8. #88
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    Quote Originally Posted by Iris lily View Post
    Oh also--during that jag where I was reading biographies of women from north African countries, I read a memorable novel--Little Bee. Tragic and sad, and horrifically violent, but that's life in Sudan. Or Somalia. Or wherever that was.
    Nigeria

  9. #89
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    Quote Originally Posted by Florence View Post
    The World as It Is: Dispatches on the Myth of Human Progress by Chris Hedges

    This book of essay is dedicated:
    "For my children, Thomas, Noelle, Konrad, and Marina, whose joy and laughter save me from despair and for whom I must alway hope"

    I was very glad to read this dedication because the book is very bleak. It's good that he does have some hope and relief from despair.

    I found myself alternately avidly shaking my head in agreement and slamming the book shut determining that he's just too negative and who needs more of that!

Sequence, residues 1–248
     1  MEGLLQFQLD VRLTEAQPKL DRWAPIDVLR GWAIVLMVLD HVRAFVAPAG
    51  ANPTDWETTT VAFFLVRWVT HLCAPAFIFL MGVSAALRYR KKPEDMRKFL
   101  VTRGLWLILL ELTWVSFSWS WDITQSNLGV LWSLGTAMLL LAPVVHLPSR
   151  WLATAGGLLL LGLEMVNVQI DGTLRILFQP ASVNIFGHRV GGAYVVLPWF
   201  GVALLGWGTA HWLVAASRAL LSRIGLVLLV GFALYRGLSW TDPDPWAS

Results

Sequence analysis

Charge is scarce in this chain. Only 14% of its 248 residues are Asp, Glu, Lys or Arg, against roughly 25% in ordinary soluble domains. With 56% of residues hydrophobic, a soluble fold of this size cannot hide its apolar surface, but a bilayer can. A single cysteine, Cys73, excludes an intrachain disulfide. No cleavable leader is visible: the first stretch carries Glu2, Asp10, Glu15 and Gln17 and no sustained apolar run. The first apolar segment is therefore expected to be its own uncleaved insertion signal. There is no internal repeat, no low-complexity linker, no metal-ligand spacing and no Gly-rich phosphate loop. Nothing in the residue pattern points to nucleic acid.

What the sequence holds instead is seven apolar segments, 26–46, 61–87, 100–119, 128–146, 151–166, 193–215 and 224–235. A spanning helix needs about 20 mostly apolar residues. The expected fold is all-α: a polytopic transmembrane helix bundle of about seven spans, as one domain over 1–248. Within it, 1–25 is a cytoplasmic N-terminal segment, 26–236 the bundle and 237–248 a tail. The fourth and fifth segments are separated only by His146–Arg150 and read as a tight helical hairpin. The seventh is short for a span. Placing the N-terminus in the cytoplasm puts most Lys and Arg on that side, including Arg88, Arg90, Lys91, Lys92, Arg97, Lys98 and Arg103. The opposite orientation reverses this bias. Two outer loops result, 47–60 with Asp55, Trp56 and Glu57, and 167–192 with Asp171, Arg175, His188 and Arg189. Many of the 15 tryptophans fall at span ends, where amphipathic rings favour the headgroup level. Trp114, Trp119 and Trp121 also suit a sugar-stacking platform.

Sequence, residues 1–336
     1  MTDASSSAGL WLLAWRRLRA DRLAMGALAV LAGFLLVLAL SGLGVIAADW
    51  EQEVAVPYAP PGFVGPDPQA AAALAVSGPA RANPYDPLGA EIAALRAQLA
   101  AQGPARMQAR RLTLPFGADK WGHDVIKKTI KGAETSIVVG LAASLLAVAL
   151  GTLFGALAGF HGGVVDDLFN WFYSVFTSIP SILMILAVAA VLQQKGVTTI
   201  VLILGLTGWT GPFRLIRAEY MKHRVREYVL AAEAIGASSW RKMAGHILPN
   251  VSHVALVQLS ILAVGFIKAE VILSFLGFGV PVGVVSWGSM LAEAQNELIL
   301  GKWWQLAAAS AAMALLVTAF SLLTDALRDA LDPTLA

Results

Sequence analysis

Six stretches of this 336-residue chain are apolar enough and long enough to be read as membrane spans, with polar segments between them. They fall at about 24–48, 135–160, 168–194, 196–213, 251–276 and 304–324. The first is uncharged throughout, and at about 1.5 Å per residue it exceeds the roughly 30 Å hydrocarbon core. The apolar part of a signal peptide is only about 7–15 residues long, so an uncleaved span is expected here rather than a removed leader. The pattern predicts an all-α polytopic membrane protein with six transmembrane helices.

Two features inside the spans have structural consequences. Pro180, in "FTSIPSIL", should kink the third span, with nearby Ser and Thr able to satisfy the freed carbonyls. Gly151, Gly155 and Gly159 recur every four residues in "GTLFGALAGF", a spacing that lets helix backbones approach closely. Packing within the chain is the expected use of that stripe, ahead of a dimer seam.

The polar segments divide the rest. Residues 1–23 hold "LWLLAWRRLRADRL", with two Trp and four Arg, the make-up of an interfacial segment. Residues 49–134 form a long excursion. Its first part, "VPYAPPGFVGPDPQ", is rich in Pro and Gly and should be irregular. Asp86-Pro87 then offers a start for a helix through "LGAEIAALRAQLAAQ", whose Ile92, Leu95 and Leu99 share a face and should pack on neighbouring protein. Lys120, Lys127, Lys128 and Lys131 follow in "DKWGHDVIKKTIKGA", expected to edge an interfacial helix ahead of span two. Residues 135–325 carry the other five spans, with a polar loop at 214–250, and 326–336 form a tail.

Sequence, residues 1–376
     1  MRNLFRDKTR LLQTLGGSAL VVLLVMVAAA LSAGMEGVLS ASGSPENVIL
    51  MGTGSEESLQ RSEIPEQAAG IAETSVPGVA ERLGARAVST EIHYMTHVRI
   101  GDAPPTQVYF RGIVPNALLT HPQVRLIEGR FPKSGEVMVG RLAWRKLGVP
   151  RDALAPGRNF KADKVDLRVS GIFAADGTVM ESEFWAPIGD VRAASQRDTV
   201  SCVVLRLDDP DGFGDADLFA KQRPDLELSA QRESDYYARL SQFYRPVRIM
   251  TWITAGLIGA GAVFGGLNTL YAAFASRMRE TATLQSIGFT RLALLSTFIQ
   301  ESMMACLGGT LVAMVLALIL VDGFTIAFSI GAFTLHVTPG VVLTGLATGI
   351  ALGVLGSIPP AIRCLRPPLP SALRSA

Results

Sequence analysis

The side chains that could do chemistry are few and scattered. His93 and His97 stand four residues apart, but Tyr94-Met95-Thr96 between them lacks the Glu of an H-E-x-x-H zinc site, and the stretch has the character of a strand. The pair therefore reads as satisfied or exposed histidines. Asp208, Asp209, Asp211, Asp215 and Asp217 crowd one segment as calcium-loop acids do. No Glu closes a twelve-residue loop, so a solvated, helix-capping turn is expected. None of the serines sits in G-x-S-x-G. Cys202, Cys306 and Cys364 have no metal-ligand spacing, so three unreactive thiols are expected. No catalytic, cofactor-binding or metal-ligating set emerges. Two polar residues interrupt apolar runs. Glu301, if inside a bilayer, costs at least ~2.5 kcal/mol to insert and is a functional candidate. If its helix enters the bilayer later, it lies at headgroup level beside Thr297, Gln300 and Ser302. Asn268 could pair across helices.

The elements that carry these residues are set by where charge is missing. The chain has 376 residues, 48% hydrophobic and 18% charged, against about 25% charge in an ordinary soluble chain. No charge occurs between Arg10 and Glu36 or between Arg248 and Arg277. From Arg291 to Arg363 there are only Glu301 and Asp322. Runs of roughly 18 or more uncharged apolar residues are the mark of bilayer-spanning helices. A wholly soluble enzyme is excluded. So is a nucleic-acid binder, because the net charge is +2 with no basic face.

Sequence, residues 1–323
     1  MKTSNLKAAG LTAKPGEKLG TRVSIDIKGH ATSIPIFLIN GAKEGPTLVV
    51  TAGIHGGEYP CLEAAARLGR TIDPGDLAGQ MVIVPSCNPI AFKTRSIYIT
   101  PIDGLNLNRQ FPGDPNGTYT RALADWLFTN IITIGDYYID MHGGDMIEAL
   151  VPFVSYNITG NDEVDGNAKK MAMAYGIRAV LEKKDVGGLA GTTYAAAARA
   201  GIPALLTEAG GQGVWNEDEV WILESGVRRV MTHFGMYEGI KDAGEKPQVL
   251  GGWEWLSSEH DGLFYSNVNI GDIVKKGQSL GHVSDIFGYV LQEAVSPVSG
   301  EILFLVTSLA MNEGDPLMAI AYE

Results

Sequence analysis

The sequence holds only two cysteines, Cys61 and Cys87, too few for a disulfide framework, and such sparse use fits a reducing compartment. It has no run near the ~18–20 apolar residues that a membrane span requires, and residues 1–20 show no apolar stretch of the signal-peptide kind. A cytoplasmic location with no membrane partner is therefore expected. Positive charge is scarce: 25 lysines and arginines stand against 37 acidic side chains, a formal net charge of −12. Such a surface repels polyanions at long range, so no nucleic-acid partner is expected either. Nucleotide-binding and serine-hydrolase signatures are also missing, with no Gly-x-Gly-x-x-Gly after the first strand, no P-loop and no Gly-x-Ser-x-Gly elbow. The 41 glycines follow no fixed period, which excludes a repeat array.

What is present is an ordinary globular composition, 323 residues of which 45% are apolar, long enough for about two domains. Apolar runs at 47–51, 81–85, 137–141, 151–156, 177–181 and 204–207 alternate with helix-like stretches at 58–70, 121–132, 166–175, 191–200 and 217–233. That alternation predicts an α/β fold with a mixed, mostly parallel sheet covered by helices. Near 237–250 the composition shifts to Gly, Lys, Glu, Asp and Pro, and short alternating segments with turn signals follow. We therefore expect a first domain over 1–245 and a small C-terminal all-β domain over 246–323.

The bottom line is that he uncompromisingly states the facts that our democracy is in jeopardy from our corporate purchased political system, to our state of perpetual war to feed the military-industrial complex, to our destruction of the natural environment which supports life on earth. *I'd love to be able to argue against him but I can't--he's right. *

    If you've ever wondered about the direction of our political system, wondered why we move from one war to the next to the next, or if we are totally insane to be destroying the life sustaining systems on earth, you'll want to read this book. You may want to double up on your anti-depressant medications though.
    Chris Hedges is a true hero. I just read Death of the Liberal Class which is good. He can be very negative, but unfortunately, I think he's telling the truth.

  10. #90
    Senior Member citrine's Avatar
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    We just read "The Various Flavors of Coffee" and now I am reading "I am The Messenger"...both are for my book club and pretty interesting.